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Q: Why don’t we see winglets on the ends of rudder? Commercial airliners (most) have winglets on the ends of the wings. Some keels have winglets on both sides. My understanding is that this creates an “end plate” effect to increase the lift from the foil.

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Q: Why don’t we see winglets on the ends of rudder? Commercial airliners
(most) have winglets on the ends of the wings. Some keels have winglets
on both sides. My understanding is that this creates an "end plate"
effect to increase the lift from the foil.

Why not have winglets on the bottom of a rudder to create the same effect,
and allow for increased rudder lift (effectiveness) or lower rudder area
for the same lift?

A: For starters, you do sometimes. The early Jongert 24m yachts had big winglets
on the special low draft rudders. International 14’s working with Bieker’s
patent have an entirely different kind of lifting surface projecting laterally
from the rudder. I am certain to get a flood of mails about other yachts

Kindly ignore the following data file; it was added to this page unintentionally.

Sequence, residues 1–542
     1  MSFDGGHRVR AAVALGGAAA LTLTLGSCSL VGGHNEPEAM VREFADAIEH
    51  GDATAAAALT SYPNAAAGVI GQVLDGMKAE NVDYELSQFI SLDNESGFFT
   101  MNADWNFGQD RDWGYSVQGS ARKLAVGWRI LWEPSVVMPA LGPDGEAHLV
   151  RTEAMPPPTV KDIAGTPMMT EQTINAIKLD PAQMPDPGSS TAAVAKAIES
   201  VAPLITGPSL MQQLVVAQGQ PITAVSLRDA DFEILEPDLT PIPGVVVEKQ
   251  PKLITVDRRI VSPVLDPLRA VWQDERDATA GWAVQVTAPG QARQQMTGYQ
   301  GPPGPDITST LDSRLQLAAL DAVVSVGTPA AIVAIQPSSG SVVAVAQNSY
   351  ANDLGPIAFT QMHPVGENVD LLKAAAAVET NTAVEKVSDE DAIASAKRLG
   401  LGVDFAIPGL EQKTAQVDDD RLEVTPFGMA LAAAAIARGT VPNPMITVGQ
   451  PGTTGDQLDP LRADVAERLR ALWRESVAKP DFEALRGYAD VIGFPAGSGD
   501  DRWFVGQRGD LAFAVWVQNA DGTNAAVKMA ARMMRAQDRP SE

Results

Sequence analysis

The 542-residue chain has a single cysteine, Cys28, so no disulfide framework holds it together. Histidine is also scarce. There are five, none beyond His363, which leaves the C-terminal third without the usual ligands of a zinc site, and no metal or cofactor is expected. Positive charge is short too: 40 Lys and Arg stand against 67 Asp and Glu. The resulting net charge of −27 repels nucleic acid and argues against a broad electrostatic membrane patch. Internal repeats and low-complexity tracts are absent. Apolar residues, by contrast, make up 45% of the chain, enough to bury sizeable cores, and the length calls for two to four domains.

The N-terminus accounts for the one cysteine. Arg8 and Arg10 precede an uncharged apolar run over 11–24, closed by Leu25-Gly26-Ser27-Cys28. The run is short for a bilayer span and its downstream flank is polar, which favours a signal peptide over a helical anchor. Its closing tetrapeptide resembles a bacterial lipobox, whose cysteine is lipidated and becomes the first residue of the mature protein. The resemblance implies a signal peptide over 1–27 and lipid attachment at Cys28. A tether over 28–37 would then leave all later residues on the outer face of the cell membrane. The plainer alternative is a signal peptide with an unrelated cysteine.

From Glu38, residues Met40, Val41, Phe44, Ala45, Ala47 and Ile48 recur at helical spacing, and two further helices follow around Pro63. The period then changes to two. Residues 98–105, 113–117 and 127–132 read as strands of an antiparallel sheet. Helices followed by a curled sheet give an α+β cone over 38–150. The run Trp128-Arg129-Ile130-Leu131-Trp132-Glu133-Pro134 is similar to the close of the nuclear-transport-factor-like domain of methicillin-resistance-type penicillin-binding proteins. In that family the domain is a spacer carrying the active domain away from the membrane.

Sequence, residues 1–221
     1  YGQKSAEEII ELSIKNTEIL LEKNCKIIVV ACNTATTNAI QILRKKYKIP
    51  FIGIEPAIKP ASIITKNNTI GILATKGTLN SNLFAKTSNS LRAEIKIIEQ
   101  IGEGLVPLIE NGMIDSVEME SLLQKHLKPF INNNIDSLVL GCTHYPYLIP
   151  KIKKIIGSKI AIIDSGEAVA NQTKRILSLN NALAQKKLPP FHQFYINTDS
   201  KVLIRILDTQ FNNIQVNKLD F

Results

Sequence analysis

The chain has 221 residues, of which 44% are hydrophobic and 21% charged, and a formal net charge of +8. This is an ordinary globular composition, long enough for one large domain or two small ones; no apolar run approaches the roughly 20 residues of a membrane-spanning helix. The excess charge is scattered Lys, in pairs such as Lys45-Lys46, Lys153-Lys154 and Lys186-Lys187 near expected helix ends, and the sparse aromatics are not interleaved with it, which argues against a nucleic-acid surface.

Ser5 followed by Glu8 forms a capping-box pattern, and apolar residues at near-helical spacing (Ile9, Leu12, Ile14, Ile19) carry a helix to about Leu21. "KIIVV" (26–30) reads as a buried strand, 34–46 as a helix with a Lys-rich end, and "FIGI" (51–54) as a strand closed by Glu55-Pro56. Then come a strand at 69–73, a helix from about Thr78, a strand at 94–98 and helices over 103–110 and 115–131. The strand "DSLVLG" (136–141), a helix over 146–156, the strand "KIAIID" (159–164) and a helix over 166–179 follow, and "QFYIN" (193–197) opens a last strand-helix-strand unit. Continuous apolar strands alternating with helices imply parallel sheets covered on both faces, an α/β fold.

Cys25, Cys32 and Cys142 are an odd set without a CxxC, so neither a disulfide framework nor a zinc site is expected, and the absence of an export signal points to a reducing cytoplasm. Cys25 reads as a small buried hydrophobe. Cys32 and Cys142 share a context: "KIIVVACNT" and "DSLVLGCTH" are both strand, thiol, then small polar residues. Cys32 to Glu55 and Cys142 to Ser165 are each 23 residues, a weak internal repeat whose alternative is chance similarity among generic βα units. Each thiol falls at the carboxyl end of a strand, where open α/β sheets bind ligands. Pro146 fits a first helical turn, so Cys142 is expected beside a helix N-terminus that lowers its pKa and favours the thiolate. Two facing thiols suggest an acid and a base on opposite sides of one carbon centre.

which used wings on rudders. They are rare, but they are out there. You
do not see winglets on rudders very often because the rudder is there
to steer the boat. Not (only) trying to be coy! Rudders are designed to
work at a variable angle of attack, unlike keels and airplane wings. Much
of the time, the sailors are trimming the sails to prevent any rudder
angle at all. At such times, winglets would only add more drag to the
overall appendage package. Even when the rudder is supplying a significant
side force, such as sailing upwind, it does so by being at an angle to
the boat CL, usually while the boat is heeled. A winglet would not benefit
from this change in rudder angle, because it is oriented normal to the
stock.

End plates on foils are an attempt to encourage stronger pressure gradients
by preventing flow from one side of the blade to the other. If we have
a overloaded rudder where this would be desirable, it is generally more
efficient to add span, increasing aspect ratio, and thus increasing the
ratio of lift to drag. Area added via span does rotate across the flow
with rudder angle. Span is generally not a problem in rudders, as the
keel defines draft. And span also stays in the water when heel and trim
come into play. Winglets on keels are a marginal advantage in some boats.
Winglets on rudders are not even that good.

Doug
Schickler
Schickler Tagliapietra
Yacht Engineering